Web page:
How Teachers Feel About The 10 Biggest EdTech Trends

Figuring out the biggest edtech trends is a great first step. We’ve taken it many times. Figuring out how teachers actually feel or care about those particular trends is a whole other story. A new infographic sheds light on what 100 teachers from North America and Europe feel about edtech trends identified below. Granted, that’s a super small sample size but it gives a little insight into how teachers and admins feel these days.

The EdTech Trends

In the interest of explaining the infographic a bit more (some of the words are basically written upside down!) – I thought it might be useful to actually list out the big edtech trends identified by Menco (the people who made the infographic). Feel free to agree or disagree, just know that these are the terms to know about!

  • Web-Based Tools for Educational Purposes
  • Online Educational Resources
  • Digital Literacy
  • Personal Learning Networks (PLNs)
  • Blended Learning
  • Social Media Education
  • E-Moderation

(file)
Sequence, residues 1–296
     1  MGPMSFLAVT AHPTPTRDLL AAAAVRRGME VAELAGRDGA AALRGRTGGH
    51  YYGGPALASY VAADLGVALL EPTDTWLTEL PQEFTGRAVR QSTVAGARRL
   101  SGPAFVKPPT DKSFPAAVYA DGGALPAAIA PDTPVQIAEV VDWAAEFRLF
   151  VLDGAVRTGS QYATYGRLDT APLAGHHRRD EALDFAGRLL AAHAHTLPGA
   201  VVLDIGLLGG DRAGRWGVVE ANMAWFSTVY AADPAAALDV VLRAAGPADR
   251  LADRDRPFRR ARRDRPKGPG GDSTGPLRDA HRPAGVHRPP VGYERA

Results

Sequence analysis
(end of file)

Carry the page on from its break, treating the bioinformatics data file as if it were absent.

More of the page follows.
• Mobile Learning
  • Digital Games In Education
  • Interactive Whiteboards

How It Works

So how do teachers (at least the 100 or so teachers polled) feel about these various trends? Use the orange-to-blue legend on the upper right to know what each color means. The more blue … the more interested teachers are. The more orange … the less interested. You get the idea.

How do you fall in with these feelings? Would you weight certain trends as more important than others? What other trends would you list? Personally, I’d like to see a slice of the pie for the Maker Movement at least.

Click the infographic below to enlarge

edtech trends


  1. saritha

    March 2, 2013 at 12:27 pm

    nice, intersting and acquring new techniques in education field will help the child to grow more and more

  2. Lisa Noble

    March 4, 2013 at 11:30 am

    I would agree with the Maker movement statement. Was at a forum yesterday on “Learning 2030″ and what it might look like – there was a lot of talk about disengagement (bottoms out in Grade 9), and that technology could help with that. As someone who works hard to integrate technology into my classroom, and my pedagogy, I couldn’t help but say “and then what?” – for me, the maker movement is part of the “then what”, as is integrating arts education with technology.